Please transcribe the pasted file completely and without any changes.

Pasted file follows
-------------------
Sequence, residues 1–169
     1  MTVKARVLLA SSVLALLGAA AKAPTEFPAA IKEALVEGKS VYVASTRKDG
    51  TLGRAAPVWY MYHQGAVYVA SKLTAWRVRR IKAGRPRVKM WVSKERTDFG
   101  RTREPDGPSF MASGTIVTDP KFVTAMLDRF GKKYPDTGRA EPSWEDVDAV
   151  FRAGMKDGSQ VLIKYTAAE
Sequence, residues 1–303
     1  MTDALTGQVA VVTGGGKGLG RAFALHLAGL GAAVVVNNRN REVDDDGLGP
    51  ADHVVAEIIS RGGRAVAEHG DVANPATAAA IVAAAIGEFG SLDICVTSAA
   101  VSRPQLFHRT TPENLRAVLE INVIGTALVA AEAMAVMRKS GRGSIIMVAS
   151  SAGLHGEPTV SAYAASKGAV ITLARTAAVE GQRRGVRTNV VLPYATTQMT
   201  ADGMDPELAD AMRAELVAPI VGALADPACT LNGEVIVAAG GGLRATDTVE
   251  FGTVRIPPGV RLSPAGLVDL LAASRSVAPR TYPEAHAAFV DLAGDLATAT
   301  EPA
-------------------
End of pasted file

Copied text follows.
Sequence, residues 1–169
     1  MTVKARVLLA SSVLALLGAA AKAPTEFPAA IKEALVEGKS VYVASTRKDG
    51  TLGRAAPVWY MYHQGAVYVA SKLTAWRVRR IKAGRPRVKM WVSKERTDFG
   101  RTREPDGPSF MASGTIVTDP KFVTAMLDRF GKKYPDTGRA EPSWEDVDAV
   151  FRAGMKDGSQ VLIKYTAAE
Sequence, residues 1–303
     1  MTDALTGQVA VVTGGGKGLG RAFALHLAGL GAAVVVNNRN REVDDDGLGP
    51  ADHVVAEIIS RGGRAVAEHG DVANPATAAA IVAAAIGEFG SLDICVTSAA
   101  VSRPQLFHRT TPENLRAVLE INVIGTALVA AEAMAVMRKS GRGSIIMVAS
   151  SAGLHGEPTV SAYAASKGAV ITLARTAAVE GQRRGVRTNV VLPYATTQMT
   201  ADGMDPELAD AMRAELVAPI VGALADPACT LNGEVIVAAG GGLRATDTVE
   251  FGTVRIPPGV RLSPAGLVDL LAASRSVAPR TYPEAHAAFV DLAGDLATAT
   301  EPA